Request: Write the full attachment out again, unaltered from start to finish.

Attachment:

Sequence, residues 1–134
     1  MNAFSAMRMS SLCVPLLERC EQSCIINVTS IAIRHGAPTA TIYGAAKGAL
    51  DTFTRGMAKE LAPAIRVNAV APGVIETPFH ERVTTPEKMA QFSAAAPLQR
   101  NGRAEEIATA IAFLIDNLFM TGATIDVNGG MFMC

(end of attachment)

Sequence, residues 1–134
     1  MNAFSAMRMS SLCVPLLERC EQSCIINVTS IAIRHGAPTA TIYGAAKGAL
    51  DTFTRGMAKE LAPAIRVNAV APGVIETPFH ERVTTPEKMA QFSAAAPLQR
   101  NGRAEEIATA IAFLIDNLFM TGATIDVNGG MFMC